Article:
Today I went back to the forest, the path that leads away from the high-rise buildings, up into the woods. A short ascent, and then you are on the level. I started by following the main path all around the forest, busy roads limiting its extent on every side where there are not buildings. Then I cut in along a path I knew in order to get back where I had started. It seemed to take much less time than I had anticipated. Perhaps twenty minutes in all. And I had been expecting a single circuit of the forest to be enough. I was a little disappointed. Had the forest become smaller in my absence? No, it seemed the same. Was it because it was winter, and I could see through the trees, which therefore gave the impression the forest had shrunk? Or is it that, in order to package our memories, we make the places we have been to smaller? They expand when we are there, when we live in a place on a daily basis, but when we leave, they contract in order not to occupy too much memory on the hard disk of our minds. It felt like revisiting an old girlfriend. You wondered what all the fuss had been about. The world – what am I saying, the universe – you had shared now seemed small and provincial. Your life lay elsewhere. In the intervening period, I had got married, had a child, learned to drive, been through a wealth of experiences. And that little pocket I had explored so much now seemed just that – a little pocket.

Sometimes I wonder if the world is all flat. When we visit a place, we blow it up, like a balloon, and it expands in order to contain our life, our loves and experiences, and when we leave, it deflates again, like a balloon after a party.

I didn’t go there to revisit my past. I went because it’s New Year’s Day and I wanted to give Simi, our dog, a run-around. We were a bit late to go all the way to the mountain, Vitosha, so I took him there instead. He was happy, charging ahead, choosing a path when there was a fork in the expectation that I would go the same way and then charging back when I chose another (which I invariably did), his nose close to the ground. I wondered what it seemed like to him. After all, he’s only about half a foot tall (a foot, if I include his tail). The trees must seem enormous. They must multiply him about sixty times. Did he realize when I was retracing my steps, taking a path for the second time or in the opposite direction? Or was it all new to him, virgin territory to explore? (Does virgin territory even exist for dogs, can’t they always smell who’s been there before?)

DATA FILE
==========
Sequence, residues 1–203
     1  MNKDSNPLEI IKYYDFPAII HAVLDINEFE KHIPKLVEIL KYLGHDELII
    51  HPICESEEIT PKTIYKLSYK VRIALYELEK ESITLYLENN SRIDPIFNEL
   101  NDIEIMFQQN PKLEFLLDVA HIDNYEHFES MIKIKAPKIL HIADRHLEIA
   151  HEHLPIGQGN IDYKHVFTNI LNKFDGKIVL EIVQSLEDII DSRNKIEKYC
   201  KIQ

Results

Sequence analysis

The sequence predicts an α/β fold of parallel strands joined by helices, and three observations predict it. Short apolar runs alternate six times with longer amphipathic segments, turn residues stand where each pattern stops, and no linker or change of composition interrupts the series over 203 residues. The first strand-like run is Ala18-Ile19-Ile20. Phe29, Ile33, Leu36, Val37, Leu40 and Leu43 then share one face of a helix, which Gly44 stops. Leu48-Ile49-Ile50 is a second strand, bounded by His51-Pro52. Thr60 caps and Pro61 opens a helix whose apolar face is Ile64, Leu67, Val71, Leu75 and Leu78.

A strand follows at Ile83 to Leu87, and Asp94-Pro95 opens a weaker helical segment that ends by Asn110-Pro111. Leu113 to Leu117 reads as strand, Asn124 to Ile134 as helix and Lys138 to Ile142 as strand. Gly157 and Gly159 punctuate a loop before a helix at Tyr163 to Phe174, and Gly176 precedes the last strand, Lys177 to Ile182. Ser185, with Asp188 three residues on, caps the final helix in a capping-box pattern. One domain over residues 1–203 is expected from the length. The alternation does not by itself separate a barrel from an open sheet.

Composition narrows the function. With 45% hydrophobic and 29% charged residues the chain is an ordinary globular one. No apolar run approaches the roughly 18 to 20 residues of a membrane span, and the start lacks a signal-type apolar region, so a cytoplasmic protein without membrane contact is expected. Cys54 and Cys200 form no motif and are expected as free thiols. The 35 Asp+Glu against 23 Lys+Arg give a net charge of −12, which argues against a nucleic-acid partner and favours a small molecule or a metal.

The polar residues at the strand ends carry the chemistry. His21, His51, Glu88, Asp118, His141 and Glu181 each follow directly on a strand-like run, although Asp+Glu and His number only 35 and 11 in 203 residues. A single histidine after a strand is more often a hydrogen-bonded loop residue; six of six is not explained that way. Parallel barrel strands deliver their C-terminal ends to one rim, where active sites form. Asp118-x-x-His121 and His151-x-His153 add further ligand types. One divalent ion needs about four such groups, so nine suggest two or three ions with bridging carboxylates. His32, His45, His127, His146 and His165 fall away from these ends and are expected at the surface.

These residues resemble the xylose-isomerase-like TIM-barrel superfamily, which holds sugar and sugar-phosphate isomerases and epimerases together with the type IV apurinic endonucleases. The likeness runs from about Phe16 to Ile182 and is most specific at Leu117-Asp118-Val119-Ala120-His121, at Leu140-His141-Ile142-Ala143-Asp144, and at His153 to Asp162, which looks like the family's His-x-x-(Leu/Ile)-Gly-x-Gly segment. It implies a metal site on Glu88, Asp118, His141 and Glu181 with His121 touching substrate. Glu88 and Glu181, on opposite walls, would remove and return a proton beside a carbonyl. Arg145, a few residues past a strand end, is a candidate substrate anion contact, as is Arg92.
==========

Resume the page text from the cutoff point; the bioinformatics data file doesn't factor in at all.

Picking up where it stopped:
Izgrev Forest.

We reached the end of our walk, Simi didn’t seem too unhappy to leave. He’s very accommodating. We passed the Korean restaurant on the ground floor of a house (so that was still working – why hadn’t I ever gone there to eat?), went past my old block with its bench out the front, seemingly inviting neighbourly conversation, past the supermarket where I did my first shopping (did Bulgarians even eat the same food as we did?), and back to the car. We hopped in, I did a three-point turn and drove back the way we had come, past the Russian Embassy compound and the garden dedicated to Peter Deunov. I left behind this remnant of my past and returned to the world I am in.

Jonathan Dunne,

Thassos: Monastery of St Michael

There is a very famous Monastery of St Michael on the island of Thassos in Greece, to which there is a reference in a document of 1287. A monk, Luke, built a church where there was a sacred spring. When the Ottomans wished to defile the spring, it dried up, only to reappear in a cave down by the sea, a walk we did today. You head down a path marked by metal poles topped by red-painted bottles to a pebble beach. This part is fairly steep. Then you clamber over rocks by the sea, through narrow passes, rock archways and over a wooden bridge, always being directed by red arrows painted on the rocks and crosses in more difficult places. To your right, the green Aegean and Mt Athos in the distance, the only spectators a pair of goats and some slender birds. After an hour and a quarter, having climbed Golgotha and gone past Scylla and Charybdis, you reach your destination, a trickling spring and in a cave you can only enter by wriggling like a worm a quiet pool of water, where we prayed for those we know under the Archangel’s watchful and merciful gaze. To humble oneself before God, wriggling like a worm, is not only appropriate, it is strangely uplifting. Orthodoxy is smell and on the way back we kept getting wafts of fragrant candle wax. A blessed experience.

View of the Aegean from below the Monastery, with Athos in the distance.
The path with metal poles topped by red-painted bottles.
The pebble beach where the path meets the sea.
Steps built going down to the beach (thank God for the workers!).
A goat watches our progress.
A rock archway you must pass through.
A wooden bridge over a gap in the rocks.
Golgotha, a climb up the rocks.
Scylla and Charybdis (every time we passed this way, I made the sign of the Cross, and we always made it across without being touched by the waves).
The approach to the sacred spring.
Water trickling down beneath the cave.
The entrance to the cave.

This article was also published on the website Orthodox Christianity.